the ultimate refrigerator

John K Clark (
Fri, 19 Dec 1997 22:45:56 -0800 (PST)


>>I have thought of a problem with the Black Hole refrigerator idea
>>however. You're going to have to put your heat radiators pretty
>>close to the event horizon because Black Holes are small but they
>>must fill a large part of the shy. When you get that close the huge
>>gravitational field is going to blue shift light, including the
>>ubiquitous cosmic microwave background radiation, except that it
>>wouldn't be microwave radiation anymore, it will be infrared or

>Hara Ra <>
>There's an easy fix to this. Use a telescope. What telescopes do is
>enlarge the amount of sky seen by the telescope's magnifying power.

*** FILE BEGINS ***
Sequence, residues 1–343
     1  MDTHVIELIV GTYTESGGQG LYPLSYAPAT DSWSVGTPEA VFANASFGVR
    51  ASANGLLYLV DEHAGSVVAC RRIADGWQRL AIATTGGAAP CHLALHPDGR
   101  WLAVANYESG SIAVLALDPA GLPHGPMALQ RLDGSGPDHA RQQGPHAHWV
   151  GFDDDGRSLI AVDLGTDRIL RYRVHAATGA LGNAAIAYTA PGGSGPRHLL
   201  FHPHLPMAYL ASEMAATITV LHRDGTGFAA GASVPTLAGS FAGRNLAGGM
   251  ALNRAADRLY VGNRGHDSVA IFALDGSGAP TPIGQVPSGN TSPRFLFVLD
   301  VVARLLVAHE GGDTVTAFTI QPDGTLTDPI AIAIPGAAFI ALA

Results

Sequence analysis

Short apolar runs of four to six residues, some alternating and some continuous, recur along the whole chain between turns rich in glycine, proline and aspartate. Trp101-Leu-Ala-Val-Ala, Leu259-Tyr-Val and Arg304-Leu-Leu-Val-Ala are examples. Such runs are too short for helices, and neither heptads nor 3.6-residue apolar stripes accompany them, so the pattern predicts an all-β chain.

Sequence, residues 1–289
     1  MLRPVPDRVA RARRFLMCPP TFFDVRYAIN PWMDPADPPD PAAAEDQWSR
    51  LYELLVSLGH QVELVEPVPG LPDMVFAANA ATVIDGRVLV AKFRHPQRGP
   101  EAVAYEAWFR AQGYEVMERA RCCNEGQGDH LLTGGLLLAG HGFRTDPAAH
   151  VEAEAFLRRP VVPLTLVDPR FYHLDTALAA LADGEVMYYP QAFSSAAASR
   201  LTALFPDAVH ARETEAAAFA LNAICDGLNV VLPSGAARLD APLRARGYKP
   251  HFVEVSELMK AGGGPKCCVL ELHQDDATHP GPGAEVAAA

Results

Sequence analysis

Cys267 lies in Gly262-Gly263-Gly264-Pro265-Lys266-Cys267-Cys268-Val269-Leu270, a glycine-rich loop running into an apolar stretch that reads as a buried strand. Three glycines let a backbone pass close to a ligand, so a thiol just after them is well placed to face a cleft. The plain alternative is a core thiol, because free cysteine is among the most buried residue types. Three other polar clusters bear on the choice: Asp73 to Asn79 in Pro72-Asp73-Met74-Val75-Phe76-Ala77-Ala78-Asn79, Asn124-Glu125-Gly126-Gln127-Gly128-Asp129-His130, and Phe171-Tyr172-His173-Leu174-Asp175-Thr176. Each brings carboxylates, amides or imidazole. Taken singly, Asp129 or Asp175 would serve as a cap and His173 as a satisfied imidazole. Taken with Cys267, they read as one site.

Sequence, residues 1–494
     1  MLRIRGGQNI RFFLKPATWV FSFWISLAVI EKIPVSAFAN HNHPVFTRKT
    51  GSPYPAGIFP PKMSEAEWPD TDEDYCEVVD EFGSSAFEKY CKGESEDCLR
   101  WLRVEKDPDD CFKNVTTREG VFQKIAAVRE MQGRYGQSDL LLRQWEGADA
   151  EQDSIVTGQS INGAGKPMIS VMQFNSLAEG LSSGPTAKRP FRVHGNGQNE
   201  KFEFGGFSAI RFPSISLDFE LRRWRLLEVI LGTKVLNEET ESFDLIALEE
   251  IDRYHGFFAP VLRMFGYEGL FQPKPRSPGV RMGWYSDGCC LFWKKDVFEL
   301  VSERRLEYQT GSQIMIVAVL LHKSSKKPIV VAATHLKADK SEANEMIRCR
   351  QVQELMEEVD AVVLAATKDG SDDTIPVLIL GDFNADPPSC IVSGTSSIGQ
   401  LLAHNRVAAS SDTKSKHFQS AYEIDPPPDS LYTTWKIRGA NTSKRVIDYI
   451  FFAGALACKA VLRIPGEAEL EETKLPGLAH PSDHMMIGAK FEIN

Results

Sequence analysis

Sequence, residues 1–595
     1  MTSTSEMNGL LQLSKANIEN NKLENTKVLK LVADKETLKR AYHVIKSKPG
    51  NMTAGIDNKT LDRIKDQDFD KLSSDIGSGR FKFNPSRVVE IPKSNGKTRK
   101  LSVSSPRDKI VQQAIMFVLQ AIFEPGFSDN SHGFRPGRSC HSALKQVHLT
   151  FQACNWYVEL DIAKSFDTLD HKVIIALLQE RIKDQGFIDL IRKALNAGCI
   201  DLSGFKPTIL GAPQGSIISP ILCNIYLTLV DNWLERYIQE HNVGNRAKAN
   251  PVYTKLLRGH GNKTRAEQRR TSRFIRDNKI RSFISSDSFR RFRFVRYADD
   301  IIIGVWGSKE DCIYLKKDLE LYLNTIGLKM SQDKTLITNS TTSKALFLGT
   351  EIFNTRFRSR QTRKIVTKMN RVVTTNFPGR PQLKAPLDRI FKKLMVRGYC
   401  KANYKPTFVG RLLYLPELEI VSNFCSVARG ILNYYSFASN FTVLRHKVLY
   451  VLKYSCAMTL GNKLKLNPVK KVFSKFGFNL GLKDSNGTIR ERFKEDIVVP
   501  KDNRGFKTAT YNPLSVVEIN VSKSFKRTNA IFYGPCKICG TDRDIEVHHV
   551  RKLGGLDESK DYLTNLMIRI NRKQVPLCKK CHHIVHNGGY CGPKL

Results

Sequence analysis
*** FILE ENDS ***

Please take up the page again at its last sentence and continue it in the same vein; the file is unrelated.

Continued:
>Using a very low f ratio means your radiator can see a lot of black
>hole in the sky, at a reasonable distance. Just focus the telescope
>on the black hole and put the radiator on the focal point.

That won't work. A lens (or curved mirror) can only bring light to a focus if
the wave front is parallel or nearly so, and that can only happen if the lens
is small and far from the light source. The wave front of the blackbody
radiation near a heat radiator would be almost spherical and so will not
focus for the same reason a lage magnifying glass placed right next to a
light bulb will not focus. To work you'd have to place your telescope at a
large distance from the radiator where the wave front has become almost
parallel, and then only a very small percentage of the heat radiation would
intersect with the lens.

Another way to see this is that If it were not true you could make a
perpetual motion machine, just focus the waste heat from a steam engine
and run another steam engine with it, then do the same thing with that steam

John K Clark

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